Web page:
Race in the Shadow of Law offers a critical legal analysis of European responses to institutional racism. It draws connections between contemporary legal knowledge practices and colonial systems of thought, arguing that many people of colour experience the law as a part of a racial problem, rather than a solution, to racial injustice. Based on a critical legal ethnography of anti-racism work in Europe, and with an emphasis on the German context, the book positions Black and anti-racist perspectives at the centre, rather than the margins, of critically thinking through the intersection of race and law. Combining this ethnography with comparative legal analysis, discourse analysis and critical race theory, the book develops a critical discussion of the European legal frameworks aimed at regulating racism, and particularly institutional racism, in policy and policing. In linking this critique to the transformative potential of social movements, however, it goes on to examine the strategic and creative possibility of disrupting conventional modes of engaging, and resisting, law.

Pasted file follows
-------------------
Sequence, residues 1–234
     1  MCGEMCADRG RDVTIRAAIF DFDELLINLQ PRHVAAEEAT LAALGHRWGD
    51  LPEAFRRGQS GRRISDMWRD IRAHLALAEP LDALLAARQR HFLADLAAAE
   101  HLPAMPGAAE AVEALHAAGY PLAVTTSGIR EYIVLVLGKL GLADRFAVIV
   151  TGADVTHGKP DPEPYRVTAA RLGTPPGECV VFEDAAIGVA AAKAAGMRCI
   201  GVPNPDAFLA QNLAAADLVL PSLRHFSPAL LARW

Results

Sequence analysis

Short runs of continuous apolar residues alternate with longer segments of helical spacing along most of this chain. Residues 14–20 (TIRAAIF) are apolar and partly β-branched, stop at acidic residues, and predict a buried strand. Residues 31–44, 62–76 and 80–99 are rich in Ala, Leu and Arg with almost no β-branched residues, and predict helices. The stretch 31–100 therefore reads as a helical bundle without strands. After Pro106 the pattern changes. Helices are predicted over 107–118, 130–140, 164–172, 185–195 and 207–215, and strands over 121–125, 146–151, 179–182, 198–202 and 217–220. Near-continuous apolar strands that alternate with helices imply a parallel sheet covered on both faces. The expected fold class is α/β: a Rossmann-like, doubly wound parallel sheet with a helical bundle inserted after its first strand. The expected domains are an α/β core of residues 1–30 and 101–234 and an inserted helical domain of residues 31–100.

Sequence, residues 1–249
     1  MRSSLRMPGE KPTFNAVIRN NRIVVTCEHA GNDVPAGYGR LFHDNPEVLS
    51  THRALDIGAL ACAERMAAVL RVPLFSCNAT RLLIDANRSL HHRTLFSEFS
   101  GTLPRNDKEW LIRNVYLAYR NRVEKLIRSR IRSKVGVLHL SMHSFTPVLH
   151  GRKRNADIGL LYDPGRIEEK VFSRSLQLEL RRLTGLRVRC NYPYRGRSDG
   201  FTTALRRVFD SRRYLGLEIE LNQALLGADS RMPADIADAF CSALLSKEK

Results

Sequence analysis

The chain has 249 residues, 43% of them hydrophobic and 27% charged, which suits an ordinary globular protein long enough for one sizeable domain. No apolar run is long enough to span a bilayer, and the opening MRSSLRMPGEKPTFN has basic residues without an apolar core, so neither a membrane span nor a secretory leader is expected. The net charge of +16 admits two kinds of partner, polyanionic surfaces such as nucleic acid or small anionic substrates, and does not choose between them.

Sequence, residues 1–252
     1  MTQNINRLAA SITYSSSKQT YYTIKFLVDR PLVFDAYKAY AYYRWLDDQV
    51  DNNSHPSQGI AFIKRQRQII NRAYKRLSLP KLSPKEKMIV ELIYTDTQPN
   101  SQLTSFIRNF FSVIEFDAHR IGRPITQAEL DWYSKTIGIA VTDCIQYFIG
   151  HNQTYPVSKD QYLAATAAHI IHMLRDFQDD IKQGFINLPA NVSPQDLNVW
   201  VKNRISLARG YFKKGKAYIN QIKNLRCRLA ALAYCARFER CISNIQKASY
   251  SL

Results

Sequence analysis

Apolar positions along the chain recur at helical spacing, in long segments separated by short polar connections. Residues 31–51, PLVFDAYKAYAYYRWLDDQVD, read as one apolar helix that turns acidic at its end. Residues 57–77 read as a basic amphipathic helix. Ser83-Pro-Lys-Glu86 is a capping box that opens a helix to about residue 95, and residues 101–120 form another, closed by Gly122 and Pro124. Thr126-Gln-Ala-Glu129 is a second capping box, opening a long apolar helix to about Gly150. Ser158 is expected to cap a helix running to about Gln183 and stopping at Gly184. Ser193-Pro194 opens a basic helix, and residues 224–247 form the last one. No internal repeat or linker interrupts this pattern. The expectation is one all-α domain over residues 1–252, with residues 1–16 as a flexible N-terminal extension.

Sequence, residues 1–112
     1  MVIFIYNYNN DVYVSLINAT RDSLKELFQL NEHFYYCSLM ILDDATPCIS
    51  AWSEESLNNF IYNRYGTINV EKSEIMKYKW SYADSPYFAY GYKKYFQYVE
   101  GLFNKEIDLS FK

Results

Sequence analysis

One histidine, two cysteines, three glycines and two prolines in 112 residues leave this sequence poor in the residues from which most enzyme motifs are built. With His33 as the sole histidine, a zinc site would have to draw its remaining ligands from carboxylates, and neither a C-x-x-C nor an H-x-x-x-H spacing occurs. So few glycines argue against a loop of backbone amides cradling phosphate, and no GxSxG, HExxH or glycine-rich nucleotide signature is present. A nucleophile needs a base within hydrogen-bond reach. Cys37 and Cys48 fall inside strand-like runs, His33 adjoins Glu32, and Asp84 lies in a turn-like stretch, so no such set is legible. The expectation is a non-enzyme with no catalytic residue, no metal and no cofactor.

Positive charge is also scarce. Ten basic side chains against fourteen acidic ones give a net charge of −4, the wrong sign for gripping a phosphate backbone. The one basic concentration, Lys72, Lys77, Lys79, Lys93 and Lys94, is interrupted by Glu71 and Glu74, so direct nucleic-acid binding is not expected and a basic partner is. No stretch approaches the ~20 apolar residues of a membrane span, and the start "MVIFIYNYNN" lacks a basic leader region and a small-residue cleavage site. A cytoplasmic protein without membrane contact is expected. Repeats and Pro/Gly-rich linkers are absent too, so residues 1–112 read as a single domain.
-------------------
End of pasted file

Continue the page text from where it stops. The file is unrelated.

Table of Contents
Introduction: Some Remarks on Ethnography, Race, Law and Unruliness Part 1. Between the Lines and at the Margins Chapter 1. Structural Racism and the Law in Europe Chapter 2. Transgression: Law and the Choreography of Race and Place Part 2. Colouring out of Bounds: Thinking Beyond Law Chapter 3. Smoke and Mirrors: Performing in the Theatre of the Court Chapter 4. The Politics of Remembrance: Narrating State Violence Chapter 5. Gender, Colonial History and Contemporary Social Movements Part 3. Unruly Work on Race and the Law Chapter 6. Towards a European Anti-Racism Epilogue: Living with the Dead
Eddie Bruce-Jones is based at Birkbeck School of Law, London, UK.